Some research suggests that longer repetition duration isn’t necessarily more effective. But other studies show that six seconds of concentric and eccentric actions elicit a greater electromyography (EMG) response, which results in increased hypertrophy.
2. It Helps Improve Your Grip Strength
Slowing down your pull-ups means you’re holding onto the bar for a longer period of time, which challenges your grip and helps improve your forearm strength.
3. Doing Slow Negatives Can Help You Achieve Your First Pull-Up
Doing negatives refers to starting with your chin already over the bar and slowly lowering yourself back down. Many trainers consider them to be more effective at building pull-up strength than band-assisted pull-ups.
By placing more emphasis on the eccentric portion of the movement, negatives lengthen the muscles that are under tension during a pull-up. This is what contributes to the muscle fiber damage that allows your muscles to grow bigger and stronger.
Can’t feel your lats in the pull-up? Check out my article on How To Activate Your Lats More In The Pull-Up.
2 Drawbacks of Doing Pull-Ups Slow
1. Your Grip May Give Out Faster Than the Rest of Your Body
Because slow pull-ups take longer to complete, you’re spending more time hanging onto the bar. You may notice that your grip starts to fail long before the rest of your body gets tired.
2. It Takes More Time To Complete
Doing sets of 8-10+ slow pull-up reps increases the total amount of time for your workout, which can be a deterrent to people who don’t have a lot of time to spend in the gym.
Is It Harder To Do Pull-Ups Fast or Slow?
Slow pull-ups are harder to execute because they require more time under tension, which challenges your grip and can fatigue your upper body more than cycling through them quickly.
But with that said, fast pull-ups are also difficult because you need to concentrate on completing quality reps and not losing control as you lower yourself back down quickly. Furthermore, kipping and butterfly pull-ups are an advanced movement that require a lot of skill and should only be done by advanced trainees.
Related Article: Close vs Wide Grip Lat Pulldown: Which Is Better?
Who Should Do Pull-Ups Fast or Slow?
Do Fast Pull-Ups If
- You’re a CrossFitter.
- You can already do 3-5 strict pull-ups in a row and want to increase your work capacity.
- You participate in a sport that requires explosive upper body power such as swimming, martial arts, bouldering, or gymnastics.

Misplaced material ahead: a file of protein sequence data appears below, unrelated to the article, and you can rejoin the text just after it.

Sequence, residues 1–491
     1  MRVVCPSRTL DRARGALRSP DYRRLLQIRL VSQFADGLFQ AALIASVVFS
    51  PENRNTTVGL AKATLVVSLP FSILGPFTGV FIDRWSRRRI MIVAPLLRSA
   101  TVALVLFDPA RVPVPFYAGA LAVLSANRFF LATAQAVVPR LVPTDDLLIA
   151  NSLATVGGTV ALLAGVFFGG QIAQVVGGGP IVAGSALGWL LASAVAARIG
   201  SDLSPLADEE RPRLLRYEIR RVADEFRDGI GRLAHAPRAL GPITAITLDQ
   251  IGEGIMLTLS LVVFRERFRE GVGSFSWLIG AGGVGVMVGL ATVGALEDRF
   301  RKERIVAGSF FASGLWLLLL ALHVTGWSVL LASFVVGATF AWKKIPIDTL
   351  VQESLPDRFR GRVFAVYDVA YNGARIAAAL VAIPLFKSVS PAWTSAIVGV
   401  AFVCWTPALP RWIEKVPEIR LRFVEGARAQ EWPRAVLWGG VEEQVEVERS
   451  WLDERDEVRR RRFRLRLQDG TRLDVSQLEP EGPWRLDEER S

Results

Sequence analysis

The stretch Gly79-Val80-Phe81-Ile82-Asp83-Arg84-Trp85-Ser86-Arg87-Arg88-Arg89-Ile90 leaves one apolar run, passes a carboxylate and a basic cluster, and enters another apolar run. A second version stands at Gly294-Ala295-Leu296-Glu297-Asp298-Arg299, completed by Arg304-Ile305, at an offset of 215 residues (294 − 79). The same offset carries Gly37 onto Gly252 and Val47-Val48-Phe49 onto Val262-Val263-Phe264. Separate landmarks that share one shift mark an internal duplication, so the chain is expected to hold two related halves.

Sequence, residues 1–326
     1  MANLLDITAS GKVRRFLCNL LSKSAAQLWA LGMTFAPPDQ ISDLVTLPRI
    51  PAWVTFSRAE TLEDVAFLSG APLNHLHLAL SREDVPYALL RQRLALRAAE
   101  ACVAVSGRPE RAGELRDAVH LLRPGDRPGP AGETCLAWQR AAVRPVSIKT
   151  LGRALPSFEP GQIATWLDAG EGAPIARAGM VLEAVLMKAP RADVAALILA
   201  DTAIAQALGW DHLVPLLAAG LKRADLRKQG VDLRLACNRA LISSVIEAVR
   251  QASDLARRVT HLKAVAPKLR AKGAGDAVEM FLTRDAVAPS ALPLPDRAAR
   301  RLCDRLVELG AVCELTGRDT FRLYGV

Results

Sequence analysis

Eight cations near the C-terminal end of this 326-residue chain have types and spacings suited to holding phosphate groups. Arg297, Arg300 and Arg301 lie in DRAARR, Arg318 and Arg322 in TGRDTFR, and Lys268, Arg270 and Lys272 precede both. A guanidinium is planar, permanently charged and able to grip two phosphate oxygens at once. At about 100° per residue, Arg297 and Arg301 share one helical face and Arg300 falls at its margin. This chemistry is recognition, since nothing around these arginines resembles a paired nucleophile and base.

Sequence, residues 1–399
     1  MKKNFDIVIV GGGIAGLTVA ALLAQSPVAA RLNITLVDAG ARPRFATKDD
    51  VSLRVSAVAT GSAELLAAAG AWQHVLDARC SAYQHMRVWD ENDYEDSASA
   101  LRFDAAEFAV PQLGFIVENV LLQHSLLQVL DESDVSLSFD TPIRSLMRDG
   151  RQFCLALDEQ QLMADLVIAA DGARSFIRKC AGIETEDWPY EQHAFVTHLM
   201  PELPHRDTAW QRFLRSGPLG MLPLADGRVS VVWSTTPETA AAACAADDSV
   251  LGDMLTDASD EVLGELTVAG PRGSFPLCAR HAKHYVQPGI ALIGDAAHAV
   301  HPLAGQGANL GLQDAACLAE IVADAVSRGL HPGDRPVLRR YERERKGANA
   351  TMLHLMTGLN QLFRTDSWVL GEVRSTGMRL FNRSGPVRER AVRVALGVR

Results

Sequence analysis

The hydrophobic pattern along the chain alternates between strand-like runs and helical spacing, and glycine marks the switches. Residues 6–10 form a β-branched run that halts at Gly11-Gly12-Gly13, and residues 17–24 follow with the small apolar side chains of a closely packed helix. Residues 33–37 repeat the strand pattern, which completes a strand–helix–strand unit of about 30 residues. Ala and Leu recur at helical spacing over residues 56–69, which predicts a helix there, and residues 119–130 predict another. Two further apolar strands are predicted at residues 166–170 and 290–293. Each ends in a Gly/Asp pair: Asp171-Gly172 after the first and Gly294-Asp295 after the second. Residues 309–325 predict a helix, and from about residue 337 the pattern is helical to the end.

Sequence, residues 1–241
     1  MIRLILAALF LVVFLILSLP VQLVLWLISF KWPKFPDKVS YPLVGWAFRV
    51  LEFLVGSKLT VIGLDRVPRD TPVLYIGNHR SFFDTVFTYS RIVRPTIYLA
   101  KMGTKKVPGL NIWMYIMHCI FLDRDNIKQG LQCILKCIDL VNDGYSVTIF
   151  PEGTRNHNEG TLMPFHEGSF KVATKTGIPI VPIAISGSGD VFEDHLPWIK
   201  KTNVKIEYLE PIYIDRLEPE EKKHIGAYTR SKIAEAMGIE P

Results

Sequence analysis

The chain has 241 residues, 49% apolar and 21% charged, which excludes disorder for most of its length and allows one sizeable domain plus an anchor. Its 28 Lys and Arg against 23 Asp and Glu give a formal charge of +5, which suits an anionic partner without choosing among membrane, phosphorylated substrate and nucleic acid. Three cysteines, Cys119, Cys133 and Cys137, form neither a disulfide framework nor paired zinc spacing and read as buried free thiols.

Do Slow Pull-Ups If
- You’re still trying to get your first strict pull-up, or you can’t yet do 3-5 pull-ups in a row.
- You’re coming back from a shoulder or other upper body injury.
- You’re trying to increase upper body strength and muscle size.
Do Both Fast and Slow Pull-Ups If
- You’re proficient at pull-ups but you want to continue training the basics.
- You’re working on increasing the amount of unbroken strict pull-ups you can do but also want to work on getting more reps done in a shorter amount of time.
Frequently Asked Questions:
Are Explosive Pull-Ups Better?
Explosive pull-ups are better for certain types of athletes such as CrossFitters, obstacle course racers, and rock climbers who need explosive upper body strength. They can also help you progress to muscle-ups. However, you should only attempt explosive pull-ups if you’re already proficient at regular pull-ups.
What Do Negative Pull-Ups Do?
Negatives help build strength in the upper body muscles that are involved in a pull-up, including the lats and biceps. Negatives also help teach you control on the eccentric portion of a pull-up so you don’t just drop to the bottom after you get your chin over the bar, which can lead to injuries.
Additional Pull-Up Resources
- 7 Best Pull-Up Gloves in 2021 (Prevent Calluses)
- Do Pull-Ups Help Deadlifts? (Yes, Here’s How)
- Are Pull-Ups & Rows Enough For Back & Biceps?
- Lat Pulldown vs Pull-Up: Differences, Pros, Cons
If you’re still working on getting your first pull-up or you can’t yet do sets of 3-5 unbroken strict pull-ups, you should continue to work on doing slow pull-ups or negatives. This will help you build the upper body strength you need to execute quality pull-up reps and help reduce your risk of injury.
Athletes who participate in sports that require upper body power can benefit from incorporating fast pull-ups into their routines. Increasing your pull-up speed will allow you to develop more explosiveness in your upper body and can also help you progress towards more advanced movements such as muscle-ups.
About The Author
Amanda Dvorak is a freelance writer and powerlifting enthusiast. Amanda played softball for 12 years and discovered her passion for fitness when she was in college. It wasn’t until she started CrossFit in 2015 that she became interested in powerlifting and realized how much she loves lifting heavy weights. In addition to powerlifting, Amanda also enjoys running and cycling.